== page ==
Horse soring is one of those cruelties that hangs around, defying gravity in a moral sense if we take into account the strong public opinion that runs against it. But it is also an example of unfinished business in the political sphere. Congress set out to abolish soring half a century ago, but fell short, even as one administration after another has failed to complete the task. Horses in need of protection shouldn’t have to wait any longer. And as we proved through our lawsuit, neither should we.

Contact your federal legislators today and tell them to pass the PAST Act to end the decades of suffering.

Sara Amundson is president of the Humane Society Legislative Fund.

Categories
Equine, Public Policy (Legal/Legislative)

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19 Comments

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  1. Jeane Camargo da Silva says:

    Meu Deus, tomara que esses pobres animais tenham paz para viverem suas vidas sem dor! Quanta crueldade sem sentido…

  2. Bettina Carroll says:

    DISGUSTING AND SHOULD BE ILLEGAL. WE NEED NATURAL AND NATURE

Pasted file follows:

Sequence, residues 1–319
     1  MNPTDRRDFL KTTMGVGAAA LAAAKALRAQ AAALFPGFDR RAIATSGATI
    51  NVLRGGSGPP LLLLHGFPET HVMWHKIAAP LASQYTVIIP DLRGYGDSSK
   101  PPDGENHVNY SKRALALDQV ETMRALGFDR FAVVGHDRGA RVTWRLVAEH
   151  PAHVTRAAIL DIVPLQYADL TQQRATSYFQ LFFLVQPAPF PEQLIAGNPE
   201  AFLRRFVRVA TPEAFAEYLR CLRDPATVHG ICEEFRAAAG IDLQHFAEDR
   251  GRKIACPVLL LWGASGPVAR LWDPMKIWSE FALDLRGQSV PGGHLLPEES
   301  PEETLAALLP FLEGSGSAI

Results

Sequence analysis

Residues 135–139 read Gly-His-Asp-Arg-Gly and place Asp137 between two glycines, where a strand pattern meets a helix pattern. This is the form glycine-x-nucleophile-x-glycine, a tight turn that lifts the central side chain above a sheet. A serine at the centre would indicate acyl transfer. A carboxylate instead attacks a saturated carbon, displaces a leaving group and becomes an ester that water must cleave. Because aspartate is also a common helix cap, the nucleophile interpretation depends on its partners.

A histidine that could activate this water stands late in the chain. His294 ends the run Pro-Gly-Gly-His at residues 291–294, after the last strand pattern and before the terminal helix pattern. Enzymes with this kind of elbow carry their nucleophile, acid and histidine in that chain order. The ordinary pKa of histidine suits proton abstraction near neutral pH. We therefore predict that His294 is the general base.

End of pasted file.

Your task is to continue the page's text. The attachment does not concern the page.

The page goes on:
3. Alan Alejandro Maldonado Ortiz says:

    Gracias a Dios, pero necesitamos mas leyes para todos los animalitos existe gente comprometida con lo el bienestar pero se necesitan leyes que avalen todo el esfuerzo que se hace por los animalitos de todo el mundo

  4. Wanda Reed says:

    I have not figured out why humans find so much pleasure in cruelty to animals. Horse soring has to be eliminated ASAP. No horse should have to endure this cruelty!!

  5. Linda L Hudye says:

    Soring is beyond cruel, inhumane and barbaric. This cruelty must be banned for now and forever. No horse should have to endure this cruelty for whatever reason.

  6. Diana Lewis says:

    Thank you! There is nothing sportsmanlike in this painfully inhumane showing!

  7. Sheryl Link says:

    These animals don’t deserve the torture they are put through just for man’s pleasure. I guess you could compare it to the Roman Aristocrats putting men in the ring with lions. Neither the men nor the horses stand a chance. Stop it now.

  8. Judy Roland says:

    Hard to believe humans willingly inflict that level of pain, cruelty on another living, breathing being. This news and the rescue of the Beagles makes this a great day.

  9. Dove says:

    I’ve watched this happen for 50 years now and they are still getting away with it.

  10. Nancy shufeldt says:

    This has to be soring it needs to stop!!!

  11. Cathy Makowski says: